A lot of worry was spurred when a malfunction at Curiosity’s drilling mechanism jeopardized the entire mission, but now, everything seems to be working out just fine; the rover conducted its first test drill without any negative events. However, the real work is just beginning, as the first drilling-sampling operation took place.
This is the first time any robot has drilled into a rock to collect a sample on Mars. Curiosity drilled into a flat, veiny rock on Mars and collect a sample from its interior. The hole is about 1.6 centimeters wide and 6.4 cm deep, in a fine patch of sedimentary rocks. The rock is believed to be a witness of times when Mars had significant amounts of water on its surface. In pursuit of the evidence, Curiosity will now analyze the extracted powder.
“The most advanced planetary robot ever designed is now a fully operating analytical laboratory on Mars,” said John Grunsfeld, NASA associate administrator for the agency’s Science Mission Directorate. “This is the biggest milestone accomplishment for the Curiosity team since the sky-crane landing last August, another proud day for America.”
But the process is delicate and takes a lot of time; ground controllers will spend the next several days commanding the robotic arm to carry out a series of steps to process the samplel, the final purpose being to carry the samples onto the robot and analyze them.
“We commanded the first full-depth drilling, and we believe we have collected sufficient material from the rock to meet our objectives of hardware cleaning and sample drop-off,” said Avi Okon, drill cognizant engineer at NASA’s Jet Propulsion Laboratory, Pasadena, Calif.
Another problem is possible contamination. Before analyzing the rock powder, Curiosity will compare it to any traces of material stuck in its hardware since when it was on Earth, despite thorough cleaning before the launch.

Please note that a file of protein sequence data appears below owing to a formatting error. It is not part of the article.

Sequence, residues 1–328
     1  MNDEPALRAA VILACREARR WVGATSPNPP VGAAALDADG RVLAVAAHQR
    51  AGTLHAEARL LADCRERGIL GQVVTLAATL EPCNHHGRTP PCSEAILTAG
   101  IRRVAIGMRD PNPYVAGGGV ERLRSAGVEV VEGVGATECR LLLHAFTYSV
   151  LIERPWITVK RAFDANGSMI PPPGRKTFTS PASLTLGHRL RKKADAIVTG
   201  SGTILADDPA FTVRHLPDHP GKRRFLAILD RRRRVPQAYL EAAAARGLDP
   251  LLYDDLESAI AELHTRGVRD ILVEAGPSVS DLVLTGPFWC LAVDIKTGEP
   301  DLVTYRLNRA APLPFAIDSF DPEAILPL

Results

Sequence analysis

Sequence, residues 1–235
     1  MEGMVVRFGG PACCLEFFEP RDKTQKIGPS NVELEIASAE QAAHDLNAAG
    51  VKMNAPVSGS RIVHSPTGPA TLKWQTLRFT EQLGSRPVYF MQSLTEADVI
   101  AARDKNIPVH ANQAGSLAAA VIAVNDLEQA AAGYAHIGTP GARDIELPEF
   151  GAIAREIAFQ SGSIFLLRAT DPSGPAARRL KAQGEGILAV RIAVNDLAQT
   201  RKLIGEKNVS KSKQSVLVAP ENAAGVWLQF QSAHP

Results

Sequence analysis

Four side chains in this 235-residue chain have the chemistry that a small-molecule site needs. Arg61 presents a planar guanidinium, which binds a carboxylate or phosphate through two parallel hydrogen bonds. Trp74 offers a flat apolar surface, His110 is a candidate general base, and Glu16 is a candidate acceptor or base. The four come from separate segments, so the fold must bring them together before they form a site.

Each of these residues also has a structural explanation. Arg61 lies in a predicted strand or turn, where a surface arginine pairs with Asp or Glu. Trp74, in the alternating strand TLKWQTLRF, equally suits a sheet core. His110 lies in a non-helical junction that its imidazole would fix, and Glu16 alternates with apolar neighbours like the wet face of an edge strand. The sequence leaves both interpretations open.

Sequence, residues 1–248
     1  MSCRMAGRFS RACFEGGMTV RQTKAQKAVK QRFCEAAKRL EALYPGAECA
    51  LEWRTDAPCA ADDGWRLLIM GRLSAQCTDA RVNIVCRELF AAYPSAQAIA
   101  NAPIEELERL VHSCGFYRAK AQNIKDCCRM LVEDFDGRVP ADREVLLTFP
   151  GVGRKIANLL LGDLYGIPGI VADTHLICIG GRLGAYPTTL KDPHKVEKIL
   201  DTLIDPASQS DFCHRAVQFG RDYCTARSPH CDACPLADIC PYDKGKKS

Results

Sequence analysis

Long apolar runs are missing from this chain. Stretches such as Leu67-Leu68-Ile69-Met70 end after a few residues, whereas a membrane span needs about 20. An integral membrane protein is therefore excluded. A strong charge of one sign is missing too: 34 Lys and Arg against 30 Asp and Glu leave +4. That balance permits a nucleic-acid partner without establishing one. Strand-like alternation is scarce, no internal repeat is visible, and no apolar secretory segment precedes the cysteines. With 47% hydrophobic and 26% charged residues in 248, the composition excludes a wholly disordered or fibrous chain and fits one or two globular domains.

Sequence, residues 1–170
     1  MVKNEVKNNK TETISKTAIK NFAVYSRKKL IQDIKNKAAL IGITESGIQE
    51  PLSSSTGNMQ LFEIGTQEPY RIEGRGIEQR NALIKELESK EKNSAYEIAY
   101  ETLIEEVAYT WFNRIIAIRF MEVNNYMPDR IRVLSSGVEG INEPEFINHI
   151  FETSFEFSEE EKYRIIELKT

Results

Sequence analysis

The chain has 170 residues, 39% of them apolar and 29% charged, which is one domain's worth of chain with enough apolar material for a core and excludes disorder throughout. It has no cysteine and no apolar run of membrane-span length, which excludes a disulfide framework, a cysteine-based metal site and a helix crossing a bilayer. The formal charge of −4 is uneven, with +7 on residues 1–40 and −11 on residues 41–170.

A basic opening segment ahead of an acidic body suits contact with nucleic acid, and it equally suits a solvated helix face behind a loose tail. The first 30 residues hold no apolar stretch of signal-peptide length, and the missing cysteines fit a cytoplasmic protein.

“We’ll take the powder we acquired and swish it around to scrub the internal surfaces of the drill bit assembly,” said JPL’s Scott McCloskey, drill systems engineer. “Then we’ll use the arm to transfer the powder out of the drill into the scoop, which will be our first chance to see the acquired sample. Building a tool to interact forcefully with unpredictable rocks on Mars required an ambitious development and testing program,” said JPL’s Louise Jandura, chief engineer for Curiosity’s sample system. “To get to the point of making this hole in a rock on Mars, we made eight drills and bored more than 1,200 holes in 20 types of rock on Earth.”
Basically, inside the handling device, the powder will be vibrated once or twice over a sieve that only allows particle smaller than 150 microns across – a micron is 0.001 millimeters. These selected small rocks will fall through ports on the rover deck into the Chemistry and Mineralogy (CheMin) instrument and the Sample Analysis at Mars (SAM) instrument. These two will then finally begin the much awaited analysis which will potentially show, beyond the shadow of a doubt, that Mars had water on its surface.